[Note: In case you’re wondering why expensive shellfish is allowed and not less expensive fish, once upon a time, bottom-feeding shellfish was unwanted because it was considered unclean, and it was therefore cheap. The need for protein in the Lenten diet led to eventually incorporating shellfish, and to the discovery of how good it is. That discovery jacked up the price.]
When you shift your focus to healthy fasting it becomes a life-renewing experience, and isn’t that what Lent should be about?
5 foods transform into meatless meals
✚ Greeks love Makaronada, a pasta dish with a thick meat sauce made with tomatoes and ground beef. Instead of putting your recipe away, replace the beef with kidney beans to make a Lenten pasta sauce that’s hearty. Kidney beans have a rich texture and add much-needed protein when fasting, plus they’re seriously flavorful.
✚ When making Gemista, veggies with stuffings (like Lahanodolmadades or Stuffed Tomatoes and Peppers), instead of ground meat, add cooked quinoa…it’s a superfood packed with protein, potassium, and fiber. To give that fiber a boost, use brown rice instead of white (this works really well in vegetarian chili recipes too!). But be forewarned, you may like this meatless version so much that you won’t go back.
✚ These suggestions can also be applied to layered pitas like Moussaka. Instead of meat-sauce layers, layer with beans, quinoa, or take it one step further and add cooked shrimp, thinly sliced scallops or octopus (also precooked).
See below for dairy substitutes to use when making béchamel sauce for the Moussaka.
✚ Meat can easily be replaced in most recipes with grains like rice (use brown for extra nutrients and fiber), legumes, orzo (or other pasta), vegetables, or shellfish.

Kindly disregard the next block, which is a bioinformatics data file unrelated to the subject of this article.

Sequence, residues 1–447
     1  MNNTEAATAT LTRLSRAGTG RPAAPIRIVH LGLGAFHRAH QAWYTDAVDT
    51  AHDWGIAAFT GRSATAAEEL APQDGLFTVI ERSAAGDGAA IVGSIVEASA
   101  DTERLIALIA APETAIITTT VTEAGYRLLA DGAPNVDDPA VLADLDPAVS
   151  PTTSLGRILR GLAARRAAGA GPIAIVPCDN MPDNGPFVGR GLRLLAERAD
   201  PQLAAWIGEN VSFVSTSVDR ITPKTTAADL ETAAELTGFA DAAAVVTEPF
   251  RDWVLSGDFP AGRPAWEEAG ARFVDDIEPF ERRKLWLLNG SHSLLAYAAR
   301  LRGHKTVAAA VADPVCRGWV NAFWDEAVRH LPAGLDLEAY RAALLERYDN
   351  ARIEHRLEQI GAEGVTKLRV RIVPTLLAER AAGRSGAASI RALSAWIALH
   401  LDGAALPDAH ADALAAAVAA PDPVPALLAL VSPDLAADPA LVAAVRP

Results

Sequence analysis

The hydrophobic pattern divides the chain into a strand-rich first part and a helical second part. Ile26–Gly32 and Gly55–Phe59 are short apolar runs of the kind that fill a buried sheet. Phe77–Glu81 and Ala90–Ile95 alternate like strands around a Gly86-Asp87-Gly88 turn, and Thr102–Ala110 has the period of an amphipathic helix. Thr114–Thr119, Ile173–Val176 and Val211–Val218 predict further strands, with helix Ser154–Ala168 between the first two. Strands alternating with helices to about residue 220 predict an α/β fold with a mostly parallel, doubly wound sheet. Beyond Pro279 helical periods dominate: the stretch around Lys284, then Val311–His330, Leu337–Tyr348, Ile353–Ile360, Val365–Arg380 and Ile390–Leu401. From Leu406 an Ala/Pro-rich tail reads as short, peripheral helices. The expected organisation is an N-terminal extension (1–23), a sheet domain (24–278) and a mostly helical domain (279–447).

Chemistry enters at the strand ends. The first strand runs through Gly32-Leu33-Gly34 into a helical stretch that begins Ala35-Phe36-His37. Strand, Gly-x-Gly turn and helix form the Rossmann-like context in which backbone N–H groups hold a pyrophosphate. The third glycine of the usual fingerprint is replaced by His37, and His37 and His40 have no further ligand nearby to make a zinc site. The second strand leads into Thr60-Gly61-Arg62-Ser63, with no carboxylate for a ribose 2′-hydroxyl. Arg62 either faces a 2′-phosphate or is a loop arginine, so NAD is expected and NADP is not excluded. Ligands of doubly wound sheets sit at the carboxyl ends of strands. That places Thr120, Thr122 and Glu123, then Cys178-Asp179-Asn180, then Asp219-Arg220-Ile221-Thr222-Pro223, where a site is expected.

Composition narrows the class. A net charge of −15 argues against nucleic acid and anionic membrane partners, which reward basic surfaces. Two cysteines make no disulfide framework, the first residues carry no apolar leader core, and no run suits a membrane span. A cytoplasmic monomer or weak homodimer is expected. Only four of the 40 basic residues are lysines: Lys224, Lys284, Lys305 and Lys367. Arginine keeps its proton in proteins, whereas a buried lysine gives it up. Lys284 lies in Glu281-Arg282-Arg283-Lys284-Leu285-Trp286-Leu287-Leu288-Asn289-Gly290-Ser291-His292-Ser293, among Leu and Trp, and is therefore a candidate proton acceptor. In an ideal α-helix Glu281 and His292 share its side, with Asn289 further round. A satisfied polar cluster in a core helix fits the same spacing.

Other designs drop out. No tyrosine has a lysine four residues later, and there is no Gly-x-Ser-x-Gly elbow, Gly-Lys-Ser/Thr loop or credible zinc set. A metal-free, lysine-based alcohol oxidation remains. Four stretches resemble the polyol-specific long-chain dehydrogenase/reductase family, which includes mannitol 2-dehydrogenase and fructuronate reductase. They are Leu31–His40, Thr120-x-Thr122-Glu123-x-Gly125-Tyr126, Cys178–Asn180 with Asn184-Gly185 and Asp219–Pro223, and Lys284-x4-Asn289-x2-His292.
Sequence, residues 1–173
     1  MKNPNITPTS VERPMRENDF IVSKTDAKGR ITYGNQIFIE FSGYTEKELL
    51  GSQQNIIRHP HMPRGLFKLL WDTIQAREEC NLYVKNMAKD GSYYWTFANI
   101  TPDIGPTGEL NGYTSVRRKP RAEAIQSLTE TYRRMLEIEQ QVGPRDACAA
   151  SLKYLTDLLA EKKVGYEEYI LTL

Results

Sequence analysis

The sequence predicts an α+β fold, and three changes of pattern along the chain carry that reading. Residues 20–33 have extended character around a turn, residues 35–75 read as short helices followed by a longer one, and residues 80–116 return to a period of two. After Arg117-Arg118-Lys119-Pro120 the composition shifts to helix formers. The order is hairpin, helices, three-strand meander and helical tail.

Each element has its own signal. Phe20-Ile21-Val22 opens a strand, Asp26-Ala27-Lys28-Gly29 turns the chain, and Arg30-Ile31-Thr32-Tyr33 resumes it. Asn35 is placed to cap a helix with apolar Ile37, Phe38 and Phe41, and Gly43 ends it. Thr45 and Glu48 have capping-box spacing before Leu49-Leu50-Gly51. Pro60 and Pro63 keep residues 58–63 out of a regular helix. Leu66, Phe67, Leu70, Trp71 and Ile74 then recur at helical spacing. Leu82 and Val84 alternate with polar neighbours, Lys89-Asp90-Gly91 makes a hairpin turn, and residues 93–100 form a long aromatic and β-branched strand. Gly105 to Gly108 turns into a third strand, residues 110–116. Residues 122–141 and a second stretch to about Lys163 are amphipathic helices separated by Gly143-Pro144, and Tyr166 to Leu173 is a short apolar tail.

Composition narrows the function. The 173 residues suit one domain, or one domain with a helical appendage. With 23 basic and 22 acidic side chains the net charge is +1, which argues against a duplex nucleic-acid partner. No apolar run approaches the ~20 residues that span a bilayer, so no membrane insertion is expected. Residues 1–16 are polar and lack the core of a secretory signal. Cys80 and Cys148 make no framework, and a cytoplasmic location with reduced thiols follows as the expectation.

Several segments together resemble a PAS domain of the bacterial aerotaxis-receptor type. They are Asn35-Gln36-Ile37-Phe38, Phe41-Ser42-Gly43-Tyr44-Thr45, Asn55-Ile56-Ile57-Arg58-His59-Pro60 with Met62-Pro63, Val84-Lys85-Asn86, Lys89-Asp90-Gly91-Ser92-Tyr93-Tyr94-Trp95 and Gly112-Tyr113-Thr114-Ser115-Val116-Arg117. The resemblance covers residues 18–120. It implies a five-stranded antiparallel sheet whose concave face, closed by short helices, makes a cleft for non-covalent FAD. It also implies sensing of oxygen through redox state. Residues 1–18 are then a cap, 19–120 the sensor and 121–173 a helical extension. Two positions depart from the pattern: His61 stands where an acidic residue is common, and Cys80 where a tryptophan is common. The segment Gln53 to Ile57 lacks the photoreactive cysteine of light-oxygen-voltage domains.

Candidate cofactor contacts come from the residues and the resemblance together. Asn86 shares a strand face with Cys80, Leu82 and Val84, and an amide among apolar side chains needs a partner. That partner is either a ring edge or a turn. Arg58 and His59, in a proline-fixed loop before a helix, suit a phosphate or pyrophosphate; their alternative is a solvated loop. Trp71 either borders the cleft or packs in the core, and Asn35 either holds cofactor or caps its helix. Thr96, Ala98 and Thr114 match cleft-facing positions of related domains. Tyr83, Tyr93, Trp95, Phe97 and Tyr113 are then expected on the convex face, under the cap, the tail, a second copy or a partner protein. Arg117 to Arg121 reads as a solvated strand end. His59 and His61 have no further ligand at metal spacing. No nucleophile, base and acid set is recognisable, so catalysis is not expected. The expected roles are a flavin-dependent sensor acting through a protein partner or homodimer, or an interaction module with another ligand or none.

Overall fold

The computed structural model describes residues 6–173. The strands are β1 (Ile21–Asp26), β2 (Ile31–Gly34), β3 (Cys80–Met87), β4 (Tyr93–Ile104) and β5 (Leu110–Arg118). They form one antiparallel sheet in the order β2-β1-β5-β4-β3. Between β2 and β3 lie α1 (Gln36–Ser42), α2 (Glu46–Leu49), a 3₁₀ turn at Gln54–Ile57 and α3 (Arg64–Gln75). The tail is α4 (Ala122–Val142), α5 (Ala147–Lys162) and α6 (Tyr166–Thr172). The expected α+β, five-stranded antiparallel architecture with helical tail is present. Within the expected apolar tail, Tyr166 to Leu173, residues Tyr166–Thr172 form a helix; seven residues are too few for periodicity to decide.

Think about what flavors and textures would go best in your recipes, then make the swap!
✚ For taking it straight, the choices are vast—almond milk (my fav), coconut milk, rice milk, soy milk, plain, vanilla, chocolate—so go with what tastes good to you.
✚ For baking, cup-for cup, almond milk is great (did I mention it’s my favorite?). Coconut milk is okay if you want a tropical flavor. Soy milk tends to be a bit tart and bland so use soy if you prefer no added flavor at all. Rice milk, though neutral in flavor, tends to be watery so it might make your batter too loose.
✚ For sauces, custard tarts, or puddings, it gets a bit tricky. Think about the flavor that would go best with what you’re making. If you don’t want an added flavor, use rice milk. Keep in mind that you’ll probably need to go up on your thickener since cow’s milk is more binding than these milks. Start with a little thickener and increase as needed.
✚ For anything else, again, think about the flavor of the dish, then choose your milk.
✚ We use olive oil most of the time, fasting or not. It’s great in baked potatoes, fries up yummy eggs, and it’s delish for dipping bread. It not only tastes good but it’s healthier than butter.
✚ For baking, you’ll want to use a lighter oil like canola or a non-dairy spread like Smart Balance Organic—it’s 100% vegan, non-GMO, with no hydrogenated anything. I mention this brand because, after scouring a number of supermarket dairy aisles, we found very few butter alternatives out there that are actually healthy.
✚ In times of strict fasting, canola oil can be used instead of olive oil. It’s healthier than other vegetable oils and it’s our swap-out choice for butter in Halva.
✚ It’s hard to replace something as gooey and rich as cheese, and the fake stuff tastes, well, fake. If you’re making an omelet or pie, add chopped olives, or sliced mushrooms or diced tofu sautéed in olive oil, to fill it with flavor and texture.
✚ For breakfast, make oatmeal or have cereal…unless you like egg substitutes.
✚ For baking quiche or custard-like dishes, for each egg, substitute ¼ cup pureed soft tofu.
✚ For desserts like cakes, for each egg, substitute ¼ cup applesauce or ¼ cup mashed banana.
For vegan baking tips go to veganbaking.net.
For standard Greek Lenten recipes, take a look at about.com.
I hope you enjoyed Lenten Kouzina Made Easy. Lenten and vegetarian recipes, as well as more how-to tips, will be featured in our upcoming cookbook. Stay tuned for more uniquely Greek and Karpathian food ideas that you can add to your kouzina routine.
Thanks for following us and we’ll see you next Monday.
Kali orexi! Good appetite!
Greek Orthodox Archdiocese of America
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